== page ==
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NB: as of 23 September 2008, all new artSMart articles are being published on the site news.artsmart.co.za.

JANE STRODE (article first published : 2005-02-7)

What do you do if you’re a visual artist at the height of your creative powers and you are suddenly diagnosed with a degenerative hereditary macular disease and related eye dystrophy?

Well, the less strong-minded among us would probably lay down their brushes right away and put their talent to rest.

Not so Jane Strode, whose exhibition of paintings titled Dream-works is running at the NSA Gallery until February 13. While the diagnosis hit her hard, the devastating news from her medical advisors that she could no longer drive was a double blow. Added to this, her father suffered a heart attack from which he mercifully recovered but the emotional stress took its toll.

She has handled these setbacks with strength and admirable fortitude, although she admits that she goes through some serious dark periods. “But there’s no point in weeping and wailing, is there?” she says with her engaging smile. “I now find it takes longer for me to adjust coming in from the sunshine to a darkened interior and I also have to rest more. I work close to the canvas and it’s very exhausting.”

A commited Christian, she draws on her faith and is calm in the belief that her maker is close at hand to offer comfort and guidance.

A diminutive 4’9” (1.48m), she has a BA degree from Natal University (now University of KwaZulu-Natal). She has taken part in several NSA members’ and other group exhibitions and has travelled extensively. Born in Johannesburg, she attended Umhlali Primary School and Stanger High School and has spent most of her life in the Umhlali area. “Perhaps because of this,” she says,” my subject matter revolves around nature and the changing seasons, and the changing light and colours that come with the seasons.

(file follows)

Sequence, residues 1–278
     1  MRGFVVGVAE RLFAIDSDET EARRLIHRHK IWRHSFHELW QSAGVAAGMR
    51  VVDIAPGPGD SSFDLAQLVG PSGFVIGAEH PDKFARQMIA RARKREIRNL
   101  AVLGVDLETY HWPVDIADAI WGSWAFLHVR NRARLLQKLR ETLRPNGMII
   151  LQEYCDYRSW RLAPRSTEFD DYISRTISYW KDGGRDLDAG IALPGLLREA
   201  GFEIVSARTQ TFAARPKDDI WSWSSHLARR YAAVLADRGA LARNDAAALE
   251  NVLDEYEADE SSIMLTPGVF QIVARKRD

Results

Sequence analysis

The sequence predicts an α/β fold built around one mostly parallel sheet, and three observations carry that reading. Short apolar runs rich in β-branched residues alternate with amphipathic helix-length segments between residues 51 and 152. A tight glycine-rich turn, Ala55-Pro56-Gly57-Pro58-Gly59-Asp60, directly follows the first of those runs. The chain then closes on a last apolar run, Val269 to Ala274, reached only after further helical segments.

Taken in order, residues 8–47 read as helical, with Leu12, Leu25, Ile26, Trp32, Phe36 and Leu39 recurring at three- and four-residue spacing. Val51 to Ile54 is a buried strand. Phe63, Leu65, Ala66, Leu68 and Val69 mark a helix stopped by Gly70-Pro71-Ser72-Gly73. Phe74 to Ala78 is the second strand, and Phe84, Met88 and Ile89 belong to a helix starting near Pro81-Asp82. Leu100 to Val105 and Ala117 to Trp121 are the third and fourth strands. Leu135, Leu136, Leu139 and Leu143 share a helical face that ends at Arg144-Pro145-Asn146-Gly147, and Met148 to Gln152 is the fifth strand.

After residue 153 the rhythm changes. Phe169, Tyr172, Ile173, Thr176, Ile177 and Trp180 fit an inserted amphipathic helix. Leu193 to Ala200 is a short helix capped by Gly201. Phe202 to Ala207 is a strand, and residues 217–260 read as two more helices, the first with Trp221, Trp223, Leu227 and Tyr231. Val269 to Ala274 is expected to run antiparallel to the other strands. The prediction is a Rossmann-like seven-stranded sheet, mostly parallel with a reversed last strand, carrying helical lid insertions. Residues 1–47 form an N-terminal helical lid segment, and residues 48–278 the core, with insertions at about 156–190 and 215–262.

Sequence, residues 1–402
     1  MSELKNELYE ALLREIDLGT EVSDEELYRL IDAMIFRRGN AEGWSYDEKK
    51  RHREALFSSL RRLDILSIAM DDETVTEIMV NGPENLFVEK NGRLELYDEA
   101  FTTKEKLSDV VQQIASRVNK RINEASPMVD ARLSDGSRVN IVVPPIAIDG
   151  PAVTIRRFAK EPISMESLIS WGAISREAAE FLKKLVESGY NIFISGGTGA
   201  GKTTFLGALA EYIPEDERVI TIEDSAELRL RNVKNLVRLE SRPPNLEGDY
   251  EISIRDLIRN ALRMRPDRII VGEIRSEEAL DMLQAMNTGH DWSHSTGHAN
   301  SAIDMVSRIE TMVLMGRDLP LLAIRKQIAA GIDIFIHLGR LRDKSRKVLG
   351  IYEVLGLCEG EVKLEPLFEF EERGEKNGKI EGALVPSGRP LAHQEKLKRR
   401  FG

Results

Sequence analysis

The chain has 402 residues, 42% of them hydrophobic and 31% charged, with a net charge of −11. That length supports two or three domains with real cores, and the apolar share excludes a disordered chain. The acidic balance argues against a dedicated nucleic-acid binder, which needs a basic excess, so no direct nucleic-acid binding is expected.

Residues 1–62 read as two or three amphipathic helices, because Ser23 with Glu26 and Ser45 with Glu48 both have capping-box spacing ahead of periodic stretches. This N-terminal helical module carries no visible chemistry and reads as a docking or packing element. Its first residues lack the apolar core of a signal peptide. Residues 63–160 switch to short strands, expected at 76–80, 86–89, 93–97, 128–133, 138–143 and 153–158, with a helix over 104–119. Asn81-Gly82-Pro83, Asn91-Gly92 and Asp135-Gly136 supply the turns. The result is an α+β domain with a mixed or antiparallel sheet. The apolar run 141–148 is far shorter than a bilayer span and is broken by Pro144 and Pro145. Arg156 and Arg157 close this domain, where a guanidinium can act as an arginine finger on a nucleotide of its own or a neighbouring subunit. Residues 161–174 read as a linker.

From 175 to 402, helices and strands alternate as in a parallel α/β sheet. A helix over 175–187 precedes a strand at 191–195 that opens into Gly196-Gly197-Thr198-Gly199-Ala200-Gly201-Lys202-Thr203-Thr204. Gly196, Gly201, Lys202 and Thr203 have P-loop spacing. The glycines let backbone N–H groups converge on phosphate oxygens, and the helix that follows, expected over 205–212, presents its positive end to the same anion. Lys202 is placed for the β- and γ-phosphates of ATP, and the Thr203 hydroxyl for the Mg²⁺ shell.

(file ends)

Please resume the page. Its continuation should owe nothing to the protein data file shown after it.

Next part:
Working with her trusty 13 year-old Nikon FM2 camera, Jane sometimes manipulates the images on her computer before she begins painting, “I have found that if I use 400 ASA film and work late in the afternoon with a wide aperture and a slow shutter speed, I can capture the light effects that I am looking for,” she explains. “The results are often surreal and magical and I can then translate them into paintings.”

The works at the NSA are hung in chronological order and it is interesting to observe the changes over the last two crucial years. Blue dominates the works from 2003 which are strong and vibrant and mostly depict leaves while her more recent work has much to do with the texture of nature.

While Jane has no formal art training she has worked with well-known Durban artists Pascale Chandler, Carol Ann Gainer, Kim Goodwin and Sarah Richards and more recently with Clinton de Menezes. This is her second solo exhibition.

Jane worked for 11 years as a journalist with the Daily News in Durban. She is self-employed and runs a Saturday morning craft market at the Foxhill Bush Bar in Umhlali while helping to manage the family's indigenous nursery.

More information from the NSA on 031 202-3686.




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